Health+Benefits Vital Signs the November 2023 issue

Complying with Federal Lactation Rules

Q&A with Amy VanHaren, Founder and CEO, Pumpspotting
By Tammy Worth Posted on November 1, 2023
Q
It was your personal experience as a working mother that sparked the idea for Pumpspotting, correct? What was it that triggered you to think about taking this on as a business?
A
I started this company eight years ago out of raw need when I was trying to feed my own family and career. I was nursing or pumping or thinking about nursing and pumping all the time. I was in a leadership position at a marketing company for my first child, and then I owned my own marketing agency for my second. I live in Maine, and all my clients were in San Francisco, so I was flying across the country every six weeks. I spent so much time finding places to nurse and pump and take breaks and plan meetings and all those things around pumping. It really consumes your life so much that you are making decisions that impact your productivity and work. There is something to relieving that burden as an employer for your parents that has huge power.
Q
What kind of conditions do you see most mothers maneuvering when breastfeeding and working? How does it impact their work and parenting abilities?
A
To keep a tiny human alive and fed requires feeding every couple of hours, especially in the early days. If you feed for a full year, that’s 1,800 hours of time spent on this, which is the equivalent of a full-time job. When I was in that phase of life, I felt really alone. I felt that no one was talking about this and no one was thinking about the support systems for parents within companies. And that’s really the onus that drove us to build Pumpspotting.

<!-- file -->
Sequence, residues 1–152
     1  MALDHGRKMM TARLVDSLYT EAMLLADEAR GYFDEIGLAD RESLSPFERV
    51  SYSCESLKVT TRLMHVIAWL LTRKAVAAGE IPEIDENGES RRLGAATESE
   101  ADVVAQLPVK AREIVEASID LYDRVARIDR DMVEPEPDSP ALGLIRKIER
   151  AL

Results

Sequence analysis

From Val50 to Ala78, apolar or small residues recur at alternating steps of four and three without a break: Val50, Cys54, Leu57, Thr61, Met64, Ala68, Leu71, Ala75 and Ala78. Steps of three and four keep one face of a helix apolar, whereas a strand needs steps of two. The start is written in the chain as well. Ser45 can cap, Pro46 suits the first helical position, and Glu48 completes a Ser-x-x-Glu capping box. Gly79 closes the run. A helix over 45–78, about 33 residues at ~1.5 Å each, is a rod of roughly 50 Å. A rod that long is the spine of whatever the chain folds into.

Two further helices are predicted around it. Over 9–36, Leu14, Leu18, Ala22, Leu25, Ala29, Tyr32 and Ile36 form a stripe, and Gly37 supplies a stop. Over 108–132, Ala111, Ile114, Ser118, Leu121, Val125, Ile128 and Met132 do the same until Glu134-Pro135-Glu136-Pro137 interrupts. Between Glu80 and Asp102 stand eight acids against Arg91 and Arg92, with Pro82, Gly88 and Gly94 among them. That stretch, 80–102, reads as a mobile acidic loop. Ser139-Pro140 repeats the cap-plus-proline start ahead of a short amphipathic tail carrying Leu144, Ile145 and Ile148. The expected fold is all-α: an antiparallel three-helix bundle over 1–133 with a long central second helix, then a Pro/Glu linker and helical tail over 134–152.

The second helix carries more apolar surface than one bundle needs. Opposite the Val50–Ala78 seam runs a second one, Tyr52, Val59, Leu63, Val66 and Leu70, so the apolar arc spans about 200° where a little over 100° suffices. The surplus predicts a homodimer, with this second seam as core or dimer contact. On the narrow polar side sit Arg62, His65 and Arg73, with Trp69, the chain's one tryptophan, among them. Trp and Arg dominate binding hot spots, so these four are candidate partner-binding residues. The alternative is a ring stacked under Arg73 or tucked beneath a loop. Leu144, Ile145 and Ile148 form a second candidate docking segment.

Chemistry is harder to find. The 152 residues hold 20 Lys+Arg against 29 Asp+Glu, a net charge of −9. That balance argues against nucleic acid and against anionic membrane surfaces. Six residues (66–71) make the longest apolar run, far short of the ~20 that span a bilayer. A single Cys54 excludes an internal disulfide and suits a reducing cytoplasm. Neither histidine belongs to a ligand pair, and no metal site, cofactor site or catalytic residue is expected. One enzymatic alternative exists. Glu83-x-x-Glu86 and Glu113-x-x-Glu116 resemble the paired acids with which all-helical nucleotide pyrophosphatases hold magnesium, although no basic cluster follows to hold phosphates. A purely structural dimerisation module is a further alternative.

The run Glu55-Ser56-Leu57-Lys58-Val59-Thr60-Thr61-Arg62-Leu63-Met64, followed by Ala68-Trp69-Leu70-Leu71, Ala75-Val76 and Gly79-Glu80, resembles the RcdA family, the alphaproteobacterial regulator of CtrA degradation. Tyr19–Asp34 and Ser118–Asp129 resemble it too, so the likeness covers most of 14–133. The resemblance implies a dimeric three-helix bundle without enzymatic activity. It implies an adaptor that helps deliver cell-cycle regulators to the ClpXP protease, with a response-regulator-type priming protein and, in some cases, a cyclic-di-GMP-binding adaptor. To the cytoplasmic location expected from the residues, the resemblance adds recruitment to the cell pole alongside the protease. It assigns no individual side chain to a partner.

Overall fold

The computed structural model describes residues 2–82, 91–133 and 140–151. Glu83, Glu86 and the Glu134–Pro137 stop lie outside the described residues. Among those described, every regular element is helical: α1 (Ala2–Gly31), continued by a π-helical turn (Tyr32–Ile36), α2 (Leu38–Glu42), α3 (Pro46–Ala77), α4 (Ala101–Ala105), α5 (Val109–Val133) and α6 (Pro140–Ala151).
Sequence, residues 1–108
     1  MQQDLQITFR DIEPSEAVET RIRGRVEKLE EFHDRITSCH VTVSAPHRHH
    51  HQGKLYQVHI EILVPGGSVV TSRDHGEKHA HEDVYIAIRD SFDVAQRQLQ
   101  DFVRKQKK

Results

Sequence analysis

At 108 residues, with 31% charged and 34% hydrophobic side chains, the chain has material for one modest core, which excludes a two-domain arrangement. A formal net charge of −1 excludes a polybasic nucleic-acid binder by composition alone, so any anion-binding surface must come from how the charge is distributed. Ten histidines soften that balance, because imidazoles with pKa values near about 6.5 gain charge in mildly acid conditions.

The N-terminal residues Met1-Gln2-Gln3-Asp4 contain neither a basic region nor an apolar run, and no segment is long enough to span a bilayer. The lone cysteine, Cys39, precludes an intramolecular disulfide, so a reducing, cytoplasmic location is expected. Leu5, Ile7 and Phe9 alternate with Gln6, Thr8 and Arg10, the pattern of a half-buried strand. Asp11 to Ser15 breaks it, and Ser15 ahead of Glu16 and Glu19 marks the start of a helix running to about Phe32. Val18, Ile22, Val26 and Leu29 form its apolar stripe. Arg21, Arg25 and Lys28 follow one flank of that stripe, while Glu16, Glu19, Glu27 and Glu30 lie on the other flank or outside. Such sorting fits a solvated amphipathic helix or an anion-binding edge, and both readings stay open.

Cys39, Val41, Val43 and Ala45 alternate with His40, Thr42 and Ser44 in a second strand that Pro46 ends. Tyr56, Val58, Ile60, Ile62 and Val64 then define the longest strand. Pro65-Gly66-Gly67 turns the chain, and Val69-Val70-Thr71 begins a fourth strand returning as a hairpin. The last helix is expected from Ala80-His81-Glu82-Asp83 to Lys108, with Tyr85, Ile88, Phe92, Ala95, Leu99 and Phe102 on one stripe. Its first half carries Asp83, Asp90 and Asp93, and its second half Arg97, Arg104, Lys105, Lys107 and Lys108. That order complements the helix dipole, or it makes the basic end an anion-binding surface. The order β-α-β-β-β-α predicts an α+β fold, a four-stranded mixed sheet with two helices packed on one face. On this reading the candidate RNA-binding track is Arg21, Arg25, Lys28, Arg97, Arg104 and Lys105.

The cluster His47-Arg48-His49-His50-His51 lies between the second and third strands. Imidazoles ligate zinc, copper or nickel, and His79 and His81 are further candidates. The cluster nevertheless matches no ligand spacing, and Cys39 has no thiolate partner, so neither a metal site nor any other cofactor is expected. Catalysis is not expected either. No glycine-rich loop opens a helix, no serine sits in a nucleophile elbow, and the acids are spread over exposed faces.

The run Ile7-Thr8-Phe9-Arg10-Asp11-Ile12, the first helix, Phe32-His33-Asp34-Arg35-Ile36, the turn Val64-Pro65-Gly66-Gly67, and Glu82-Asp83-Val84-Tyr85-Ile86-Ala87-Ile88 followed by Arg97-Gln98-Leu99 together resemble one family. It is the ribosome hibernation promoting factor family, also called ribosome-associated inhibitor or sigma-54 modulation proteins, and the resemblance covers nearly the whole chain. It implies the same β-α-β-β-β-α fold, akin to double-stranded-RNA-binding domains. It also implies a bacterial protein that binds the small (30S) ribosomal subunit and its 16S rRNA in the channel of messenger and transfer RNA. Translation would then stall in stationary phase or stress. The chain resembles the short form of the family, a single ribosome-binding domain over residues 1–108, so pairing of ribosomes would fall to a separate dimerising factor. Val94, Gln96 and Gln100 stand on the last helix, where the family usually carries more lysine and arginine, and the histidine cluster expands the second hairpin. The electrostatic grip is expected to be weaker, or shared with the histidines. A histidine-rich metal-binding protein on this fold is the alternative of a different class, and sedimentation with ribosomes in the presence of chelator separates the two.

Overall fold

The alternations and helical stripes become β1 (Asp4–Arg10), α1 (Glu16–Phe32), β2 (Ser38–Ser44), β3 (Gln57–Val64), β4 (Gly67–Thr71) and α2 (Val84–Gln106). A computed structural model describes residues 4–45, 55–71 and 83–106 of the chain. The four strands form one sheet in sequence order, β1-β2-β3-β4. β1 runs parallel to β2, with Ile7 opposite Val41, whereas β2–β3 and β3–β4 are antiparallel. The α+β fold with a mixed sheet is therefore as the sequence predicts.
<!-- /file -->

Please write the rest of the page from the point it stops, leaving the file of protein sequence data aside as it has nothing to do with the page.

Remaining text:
Q
What services do you offer, and how has the company grown since its inception?
A

We’re a baby-feeding support solution for both companies and parents. We help parents navigate the day-to-day of nursing and pumping and feeding through access to lactation consultants, a mobile app and all the support systems they need to navigate feeding. We’ve served more than 70,000 parents to date.

Then we saw the opportunity, especially as the world has moved in this direction around family benefits and with the federal regulations, to help solve the problem for companies to be bridging the gap on both sides. We help companies create and implement workplace lactation programs, and we look at their policy and look at their spaces to check for compliance. We’ve worked with small companies and Fortune 100 businesses.

Q
You mentioned regulations. There have been a couple of federal acts that have been passed recently that place requirements on business to accommodate breastfeeding employees, correct?
A

The PUMP Act [Providing Urgent Maternal Protections for Nursing Mothers Act, signed into law in 2022] actually expanded requirements that started under the Fair Labor Standards Act. That started requiring employers to provide a private space and a reasonable amount of break time for nursing employees to express breast milk. The Fair Labor Standards Act is what put the first protections around breastfeeding workers in place. The PUMP Act has expanded those requirements in a couple of important ways. First, it expanded the protections to all breastfeeding employees. Salaried employees, for example, are included, and that’s an expansion of nine million people, including teachers, farm workers and nurses. It also clarifies that pumping time counts as work time. It also improved an employee’s ability to seek compensation as recourse against their employer if they don’t conform to the law. The compensation gives parents a stake in this conversation in a way that they didn’t before.